Security remains top of mind for any data center professional but who knew it was this bad: Gartner is now advising people to just kill workloads entirely to improve security.
At the Gartner Data Center Conference on Tuesday, Gartner VP and Research Fellow Neil MacDonald gave a talk titled, “Killing Workloads to Make IT More Secure and Ultimately Improve IT Resiliency.”
His point was that malware has become so difficult to detect that we can no longer tell for sure what’s infected with malware and what isn’t. His suggested solution is to simply wipe out applications, routinely, and replace them with those you know to be malware-free.
Let’s start with servers. MacDonald says the process we use to patch servers is “fundamentally flawed.” When a patch comes out, IT dutifully applies it to servers, thinking that’ll fix any issues. But if you can’t say for sure that the server isn’t already infected, you are simply applying a patch to a server that’s in a questionable state. “So now you have a patched machine that’s still in a questionable state,” he said.
A better approach is to keep a collection of applications that you know are free of malware, using emerging tools from vendors such as RPath. When a patch comes out, apply it only to that central image, which you know is free of malware. Then kill the app on all your servers and replace it with that new, patched image. Assuming you’ve got sufficient bandwidth in your network, it won’t take any longer than traditional patching, MacDonald assured me after his talk.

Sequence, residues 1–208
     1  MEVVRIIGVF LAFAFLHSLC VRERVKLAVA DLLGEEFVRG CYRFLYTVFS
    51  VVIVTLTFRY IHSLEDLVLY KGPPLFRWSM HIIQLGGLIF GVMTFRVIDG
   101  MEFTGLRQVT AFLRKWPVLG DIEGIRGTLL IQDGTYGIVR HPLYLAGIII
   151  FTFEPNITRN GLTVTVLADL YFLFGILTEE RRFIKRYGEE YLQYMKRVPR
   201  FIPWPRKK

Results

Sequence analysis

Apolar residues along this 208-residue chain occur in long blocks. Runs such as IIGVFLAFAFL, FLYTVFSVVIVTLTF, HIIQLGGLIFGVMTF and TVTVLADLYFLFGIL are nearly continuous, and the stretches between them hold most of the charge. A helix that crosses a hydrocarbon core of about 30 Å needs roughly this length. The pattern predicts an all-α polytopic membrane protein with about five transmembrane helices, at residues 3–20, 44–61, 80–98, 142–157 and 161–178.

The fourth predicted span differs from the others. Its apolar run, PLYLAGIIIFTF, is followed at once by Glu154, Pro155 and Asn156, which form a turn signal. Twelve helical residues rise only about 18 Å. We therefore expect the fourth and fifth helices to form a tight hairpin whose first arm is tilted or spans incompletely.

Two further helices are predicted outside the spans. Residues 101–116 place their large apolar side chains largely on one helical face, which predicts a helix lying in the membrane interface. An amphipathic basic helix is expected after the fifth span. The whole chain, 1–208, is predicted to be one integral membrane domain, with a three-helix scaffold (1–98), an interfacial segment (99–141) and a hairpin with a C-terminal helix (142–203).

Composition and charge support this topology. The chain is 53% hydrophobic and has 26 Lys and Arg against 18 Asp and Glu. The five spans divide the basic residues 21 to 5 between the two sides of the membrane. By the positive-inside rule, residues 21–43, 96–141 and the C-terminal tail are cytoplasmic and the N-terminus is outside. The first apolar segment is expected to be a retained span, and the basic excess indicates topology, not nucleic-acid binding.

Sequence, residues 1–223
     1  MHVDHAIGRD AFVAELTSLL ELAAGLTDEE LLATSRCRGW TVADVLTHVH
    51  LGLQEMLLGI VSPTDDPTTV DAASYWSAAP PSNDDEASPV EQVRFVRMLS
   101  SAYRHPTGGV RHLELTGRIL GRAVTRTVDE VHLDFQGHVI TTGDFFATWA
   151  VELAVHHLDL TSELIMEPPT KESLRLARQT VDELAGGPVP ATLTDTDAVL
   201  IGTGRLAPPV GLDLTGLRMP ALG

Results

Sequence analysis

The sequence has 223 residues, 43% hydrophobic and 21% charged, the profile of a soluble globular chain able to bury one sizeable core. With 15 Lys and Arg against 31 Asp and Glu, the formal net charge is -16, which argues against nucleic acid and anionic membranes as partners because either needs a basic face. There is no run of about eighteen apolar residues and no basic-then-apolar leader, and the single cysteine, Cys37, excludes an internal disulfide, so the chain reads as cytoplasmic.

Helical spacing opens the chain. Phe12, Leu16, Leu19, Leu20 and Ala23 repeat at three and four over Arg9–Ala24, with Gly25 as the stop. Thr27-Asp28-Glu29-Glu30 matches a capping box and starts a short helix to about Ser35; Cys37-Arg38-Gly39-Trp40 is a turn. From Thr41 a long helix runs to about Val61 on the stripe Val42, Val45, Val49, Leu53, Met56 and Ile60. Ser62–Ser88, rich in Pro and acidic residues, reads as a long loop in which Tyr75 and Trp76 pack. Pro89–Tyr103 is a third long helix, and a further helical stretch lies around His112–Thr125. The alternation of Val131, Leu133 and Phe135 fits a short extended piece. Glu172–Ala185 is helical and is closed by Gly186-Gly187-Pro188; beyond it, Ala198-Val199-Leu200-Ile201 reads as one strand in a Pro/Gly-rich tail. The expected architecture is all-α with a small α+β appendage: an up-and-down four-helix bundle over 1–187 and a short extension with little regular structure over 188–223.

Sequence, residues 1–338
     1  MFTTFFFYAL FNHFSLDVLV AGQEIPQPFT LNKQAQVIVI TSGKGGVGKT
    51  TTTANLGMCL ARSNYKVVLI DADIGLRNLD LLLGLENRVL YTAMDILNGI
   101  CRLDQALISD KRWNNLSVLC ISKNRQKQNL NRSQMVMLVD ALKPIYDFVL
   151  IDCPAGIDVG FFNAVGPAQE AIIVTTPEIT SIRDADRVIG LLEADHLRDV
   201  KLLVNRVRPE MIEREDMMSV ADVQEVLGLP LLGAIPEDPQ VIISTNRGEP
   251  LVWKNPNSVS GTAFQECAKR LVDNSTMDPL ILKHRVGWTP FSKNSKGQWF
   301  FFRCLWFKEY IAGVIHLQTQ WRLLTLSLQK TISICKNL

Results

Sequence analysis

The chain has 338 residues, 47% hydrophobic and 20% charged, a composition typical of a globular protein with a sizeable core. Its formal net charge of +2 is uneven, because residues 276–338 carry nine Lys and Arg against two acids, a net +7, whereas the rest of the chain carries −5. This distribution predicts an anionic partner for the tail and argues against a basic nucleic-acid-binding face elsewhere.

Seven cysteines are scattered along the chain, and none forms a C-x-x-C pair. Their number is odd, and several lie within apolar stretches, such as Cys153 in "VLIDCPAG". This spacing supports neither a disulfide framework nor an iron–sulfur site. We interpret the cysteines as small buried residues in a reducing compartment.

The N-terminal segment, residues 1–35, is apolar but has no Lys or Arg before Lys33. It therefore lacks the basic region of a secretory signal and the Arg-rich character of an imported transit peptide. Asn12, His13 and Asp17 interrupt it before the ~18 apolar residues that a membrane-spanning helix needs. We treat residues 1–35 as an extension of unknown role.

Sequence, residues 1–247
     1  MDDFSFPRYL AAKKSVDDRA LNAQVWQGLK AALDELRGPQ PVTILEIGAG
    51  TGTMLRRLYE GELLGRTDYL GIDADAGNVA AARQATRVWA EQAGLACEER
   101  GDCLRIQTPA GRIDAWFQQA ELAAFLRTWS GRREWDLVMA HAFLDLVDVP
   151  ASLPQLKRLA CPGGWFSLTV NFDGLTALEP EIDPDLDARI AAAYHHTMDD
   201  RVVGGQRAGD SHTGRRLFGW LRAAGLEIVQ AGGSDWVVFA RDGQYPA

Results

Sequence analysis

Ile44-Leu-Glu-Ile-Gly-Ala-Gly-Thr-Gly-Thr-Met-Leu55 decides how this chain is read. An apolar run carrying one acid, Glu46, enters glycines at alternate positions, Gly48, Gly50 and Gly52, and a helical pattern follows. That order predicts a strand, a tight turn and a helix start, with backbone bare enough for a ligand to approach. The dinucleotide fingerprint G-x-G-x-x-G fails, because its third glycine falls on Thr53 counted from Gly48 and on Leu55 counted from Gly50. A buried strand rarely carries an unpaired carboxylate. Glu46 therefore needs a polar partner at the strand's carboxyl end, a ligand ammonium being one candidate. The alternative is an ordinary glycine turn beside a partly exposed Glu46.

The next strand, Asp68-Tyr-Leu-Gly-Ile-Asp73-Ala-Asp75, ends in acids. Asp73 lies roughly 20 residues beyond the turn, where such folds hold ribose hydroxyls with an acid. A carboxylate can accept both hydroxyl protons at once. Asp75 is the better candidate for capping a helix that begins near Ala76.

As for desktops, his answer is simple: desktop virtualization, or virtual desktop infrastructure (VDI). I’ve had my eye on VDI technology for years and have talked with lots of customers who have had great success with it. There’s doubt in my mind that VDI does lead to improved security on desktops.
But the way MacDonald framed the argument was new. He’s essentially saying that because you can’t say for sure that your desktops aren’t infected, you should blow them up every time a user logs off and install a new image every time the user logs on again. That’s a slightly different twist on the argument that we’ve used for VDI for years: because you are maintaining only a single desktop image within the confines of the data center, it’s far easier for IT to secure. As with the server example, just patch one image and distribute it to whoever needs it. It’s a fine line, but if it gets more people to consider VDI for the operational and security benefits it brings, that’s a good thing indeed.